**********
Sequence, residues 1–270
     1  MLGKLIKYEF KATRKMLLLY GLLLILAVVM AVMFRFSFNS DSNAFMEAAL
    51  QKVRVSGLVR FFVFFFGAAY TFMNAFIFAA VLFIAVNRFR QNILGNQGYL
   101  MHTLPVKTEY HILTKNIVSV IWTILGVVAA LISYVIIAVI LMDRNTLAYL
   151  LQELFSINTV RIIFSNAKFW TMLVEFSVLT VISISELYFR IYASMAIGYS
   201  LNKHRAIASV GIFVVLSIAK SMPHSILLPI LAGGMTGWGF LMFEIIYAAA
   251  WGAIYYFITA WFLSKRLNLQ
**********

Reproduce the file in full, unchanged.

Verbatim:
Sequence, residues 1–270
     1  MLGKLIKYEF KATRKMLLLY GLLLILAVVM AVMFRFSFNS DSNAFMEAAL
    51  QKVRVSGLVR FFVFFFGAAY TFMNAFIFAA VLFIAVNRFR QNILGNQGYL
   101  MHTLPVKTEY HILTKNIVSV IWTILGVVAA LISYVIIAVI LMDRNTLAYL
   151  LQELFSINTV RIIFSNAKFW TMLVEFSVLT VISISELYFR IYASMAIGYS
   201  LNKHRAIASV GIFVVLSIAK SMPHSILLPI LAGGMTGWGF LMFEIIYAAA
   251  WGAIYYFITA WFLSKRLNLQ